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Current as of 23/05/17 08:20AM NZST

'Low ball' share offers back

By Siobhan Leathley

Australian company is once again targeting local investors with a below-market bid

Vector chairman Michael Stiassny. Photo / Brett Phibbs
Vector chairman Michael Stiassny. Photo / Brett Phibbs

Vector this morning warned its shareholders to beware a new "low ball" offer for their shares and has called for new laws to stop them.

The low ball offer, highlighted today by the Business Herald, would result in them being paid 65 per cent below the market value of the shares.

Chairman Michael Stiassny advised all shareholders considering an unsolicited offer from Australian based company, Stock and Share Trading, to seek independent advice and check the share price before coming to a decision.

Stiassny said last year more than 300 Vector shareholders responded to an unsolicited share offer and sold their shares for well below the market value.

"These shareholders did not receive a fair price for their shares and that is just not good enough," he said.

Stiassny said he supported calls from other listed companies, for the Financial Markets Authority (FMA) to step in and legislate to stop low ball offers from being made.

"It is ridiculous that these offers continue. The sooner these are stopped the better for us all," he said.

Stiassny said the company had received a large number of calls from shareholders who have received letters from Stock and Share Trading and were concerned about the offer.

One Vector shareholder received an offer from the Australian trading company to sell for $1 a share.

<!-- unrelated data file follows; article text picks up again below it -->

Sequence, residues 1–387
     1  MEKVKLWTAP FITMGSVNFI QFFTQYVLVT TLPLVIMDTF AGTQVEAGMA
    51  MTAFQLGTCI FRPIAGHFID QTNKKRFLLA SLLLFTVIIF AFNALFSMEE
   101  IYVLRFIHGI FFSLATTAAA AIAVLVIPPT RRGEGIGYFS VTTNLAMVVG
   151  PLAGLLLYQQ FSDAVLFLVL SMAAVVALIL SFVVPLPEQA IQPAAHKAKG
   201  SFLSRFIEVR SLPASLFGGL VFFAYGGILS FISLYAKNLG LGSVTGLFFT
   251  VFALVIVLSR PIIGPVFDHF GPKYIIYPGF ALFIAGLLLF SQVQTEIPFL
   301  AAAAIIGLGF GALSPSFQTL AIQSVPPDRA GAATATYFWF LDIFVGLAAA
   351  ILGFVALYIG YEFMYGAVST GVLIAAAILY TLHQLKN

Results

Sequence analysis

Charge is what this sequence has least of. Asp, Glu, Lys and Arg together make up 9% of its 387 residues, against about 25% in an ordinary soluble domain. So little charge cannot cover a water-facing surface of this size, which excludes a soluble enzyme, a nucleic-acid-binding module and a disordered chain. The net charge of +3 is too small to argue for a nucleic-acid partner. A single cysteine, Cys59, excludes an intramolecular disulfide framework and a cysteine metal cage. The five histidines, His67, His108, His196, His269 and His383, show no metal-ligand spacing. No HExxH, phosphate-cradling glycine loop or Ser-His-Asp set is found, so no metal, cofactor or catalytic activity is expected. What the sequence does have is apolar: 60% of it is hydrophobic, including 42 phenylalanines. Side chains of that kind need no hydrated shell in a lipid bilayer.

At the time of the offer the shares were trading at $2.80.

Yesterday Vector shares closed on $2.85.

Accepting the offer would give the shareholder just $840 compared with the $2394 they could have been sold for yesterday on the sharemarket.

The shareholder, who asked not to be named, said she was angry at being targeted and was concerned for more vulnerable shareholders.

"It might not be illegal, but it's immoral and unethical."

She said the letter's wording and design could mislead people into thinking they would benefit from this.

"It appears to be taking advantage of a loophole in the law or regulations which should protect consumers against this kind of predatory practice. These people should be investigated by some kind of regulatory body and named and shamed, even if no criminal charges can be brought against them."

However, Stock & Share is within its legal rights to do this. There is no law preventing it from accessing a company's shareholder list and contacting those listed.

Companies like this target "mum and dad" shareholders, because they are not likely to keep track of how much the shares are trading for and may be looking for quick, easy cash.

The Financial Markets Authority, which monitors these companies, said it was doing everything it could to protect investors.

A spokesman for FMA said it was able to insist letters containing a low ball offer for shares carried a warning statement disclosing the market price of the securities and recommending that investors seek advice before accepting the offer.

"Although the FMA is unable to stop this, it can insist letters carry this."

The spokesman said the FMA had "utilised the full extent of its existing powers" under the bill.

Stock & Share this week also targeted Rural Equities investors, suggesting they sell shares at 29 per cent less than their market price.

Previously the FMA used its powers against Christchurch property developer Bernard Whimp, who had also approached investors with offers.

Last year Whimp sent letters to shareholders urging them to sell shares at up to 40 per cent less than the market price; he also insisted on a "first come, first served" basis.

The FMA replaced the Securities Commission and was given stronger powers.

Vector will send letters to shareholders warning them about the "low ball" offers.

Stiassny said he hoped shareholders would not sell shares below their market value.

Who is Stock & Share
Trading Company?
* Australian based.
* Owned by John Armour.
* Represented in New Zealand by Andrew Kennedy of Auckland law firm Prudentia Law.

- NZ Herald

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